Installing a Sunroof

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What most of us generally think of as a “sunroof” is more accurately called a “moon-roof.” Is the distinction important or just a selling pitch? It depends. The difference is actually the level of tint in the glass. So the short cut to thinking about it is that a moon-roof tends to have a sliding transparent glass panel, rather than something opaque, or with built-in SPF. What used to be called a sunroof isn’t all that popular at the moment, though it is not clear why.

It comes down to whether you need more natural light inside your vehicle or if doing so has brought in too much heat. So one possible explanation for the latest craze of moon-roofs is this. Minivans and SUV’s have a lot of windows and easily over heat the passenger space, but also have and area for the moon-roof to be where it won’t shine a ton of direct light onto any of the people in the vehicle. So with modern air conditioning no one really notices the extra work the engine does to keep it cool.

Another reason is that its possible to add tint to a moon-roof aftermarket without impacting any warranties you might have on your vehicle. So manufacturers, who don’t know how hot or cold your climate is can send them all out with clear glass and count on your dealer to offer tinting services if that’s a hot add-on in your climate.

Adding a Sunroof

Speaking of manufacturer warranties, if your car feels too hot and/or stuffy it might seem tempting to install the sunroof, especially if you have some experience with auto repairs. Be warned though that a hobby mechanic shouldn’t attempt to create a sunroof to a “normal” car (this would just create leaks and even cause damage to the interior) and would also void any warranties you might have.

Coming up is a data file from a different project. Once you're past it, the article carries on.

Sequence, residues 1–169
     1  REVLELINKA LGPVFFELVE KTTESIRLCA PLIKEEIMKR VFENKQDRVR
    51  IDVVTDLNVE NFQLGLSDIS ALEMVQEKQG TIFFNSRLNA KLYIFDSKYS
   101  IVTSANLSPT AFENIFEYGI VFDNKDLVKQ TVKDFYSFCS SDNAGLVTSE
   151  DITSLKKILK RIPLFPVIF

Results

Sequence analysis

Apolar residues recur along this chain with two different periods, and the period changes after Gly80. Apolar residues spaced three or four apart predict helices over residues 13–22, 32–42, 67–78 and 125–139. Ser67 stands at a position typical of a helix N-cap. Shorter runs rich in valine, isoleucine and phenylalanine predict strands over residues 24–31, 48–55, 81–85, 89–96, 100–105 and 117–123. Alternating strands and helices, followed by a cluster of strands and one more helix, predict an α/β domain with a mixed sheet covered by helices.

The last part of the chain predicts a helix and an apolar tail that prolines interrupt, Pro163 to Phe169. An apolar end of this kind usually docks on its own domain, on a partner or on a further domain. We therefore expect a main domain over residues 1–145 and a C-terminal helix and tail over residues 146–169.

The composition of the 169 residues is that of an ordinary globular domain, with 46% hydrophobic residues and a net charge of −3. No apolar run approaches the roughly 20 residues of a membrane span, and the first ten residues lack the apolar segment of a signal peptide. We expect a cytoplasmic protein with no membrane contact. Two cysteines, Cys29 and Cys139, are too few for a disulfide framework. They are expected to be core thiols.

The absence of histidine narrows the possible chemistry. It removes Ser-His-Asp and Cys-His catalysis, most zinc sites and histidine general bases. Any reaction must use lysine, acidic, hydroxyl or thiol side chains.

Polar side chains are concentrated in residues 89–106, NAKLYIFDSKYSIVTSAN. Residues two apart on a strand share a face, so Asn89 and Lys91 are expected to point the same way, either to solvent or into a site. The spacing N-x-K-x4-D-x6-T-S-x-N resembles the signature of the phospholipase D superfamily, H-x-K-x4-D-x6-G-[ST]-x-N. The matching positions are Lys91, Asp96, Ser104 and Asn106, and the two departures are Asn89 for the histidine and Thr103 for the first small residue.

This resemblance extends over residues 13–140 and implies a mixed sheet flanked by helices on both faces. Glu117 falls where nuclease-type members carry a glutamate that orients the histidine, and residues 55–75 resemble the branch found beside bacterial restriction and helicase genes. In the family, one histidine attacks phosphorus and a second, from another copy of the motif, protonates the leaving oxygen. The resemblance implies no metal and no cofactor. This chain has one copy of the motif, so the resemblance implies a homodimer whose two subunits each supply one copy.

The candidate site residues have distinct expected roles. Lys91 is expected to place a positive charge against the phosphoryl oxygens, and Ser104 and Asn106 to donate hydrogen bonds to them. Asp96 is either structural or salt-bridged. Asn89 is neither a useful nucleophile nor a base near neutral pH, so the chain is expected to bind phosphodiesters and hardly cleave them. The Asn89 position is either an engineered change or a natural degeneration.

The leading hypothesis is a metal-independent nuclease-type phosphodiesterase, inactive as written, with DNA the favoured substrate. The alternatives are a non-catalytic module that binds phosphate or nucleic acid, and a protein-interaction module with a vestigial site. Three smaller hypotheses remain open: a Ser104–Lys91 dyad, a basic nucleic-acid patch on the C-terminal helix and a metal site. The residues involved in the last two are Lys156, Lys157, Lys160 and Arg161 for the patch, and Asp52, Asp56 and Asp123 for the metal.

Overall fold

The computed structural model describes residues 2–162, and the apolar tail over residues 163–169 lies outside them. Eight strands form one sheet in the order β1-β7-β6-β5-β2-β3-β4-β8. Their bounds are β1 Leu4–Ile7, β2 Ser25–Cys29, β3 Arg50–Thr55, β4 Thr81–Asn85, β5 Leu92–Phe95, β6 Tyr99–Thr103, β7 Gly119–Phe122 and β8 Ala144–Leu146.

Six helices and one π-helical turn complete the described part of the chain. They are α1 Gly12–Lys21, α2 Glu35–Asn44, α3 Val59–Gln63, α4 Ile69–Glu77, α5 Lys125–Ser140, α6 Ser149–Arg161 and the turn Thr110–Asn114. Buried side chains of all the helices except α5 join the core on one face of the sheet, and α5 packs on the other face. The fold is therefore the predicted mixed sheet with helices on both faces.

Assuming you are not a hobby mechanic there are several types of sunroofs you might look at:

A pop-up sunroof is the least expensive type of sunroof. In a similar way that a house window can be kept open using a latch, the pop-up sunroof is kept in place using a hinge.

A Sliding sunroof is the more general type of sunroof, again they have a latch system but the window doesn’t rise up.

An electronic sunroof tends to be a more expensive of type of sliding roof which can be operated by the driver of the vehicle.

The first thing that needs to be done is the measure the square space on your roof. It has to be the flat part of the roof. Using the curved spaces would make for a much more expensive sunroof and most commercial sunroofs tend only to use the flat part.

Next you need to purchase a sunroof kit. For best results, chose a sunroof which is an inch smaller (that’s what the instructions say but a square inch smaller would make more sense?) than your maximum dimensions. A complete kit includes a full template, weather proofing and even wiring (if you are creating an electric sunroof).

Don’t even think about doing it from scratch—just buy a kit. Besides if you are serious about it, you probably should study pictures and look at all the steps in greater detail, which comes with the kit.

Time to Complete Installation

With proper tools, this task surprisingly takes only 60 to 90 minutes, which you might think it is a comparatively short time, but if you think about it, it doesn’t involve the engine or making “major” changes to the bodywork (such as might be needed in the case of an accident). It’s just complicated.

As placing a sunroof in a car cost about $1,000 it might seem like a cheaper option to do it yourself but consider these three benefits to hiring a professional.

  • They already have the tools and training to do it.
  • They will get it done more quickly and if they don’t, they have to keep it out of the weather.
  • You can’t KNOW that you did it wrong until months later when your interior is ruined overnight.

Perhaps the best option is buying a car with a sunroof? It’s an excuse to get a new car, in any case.

 

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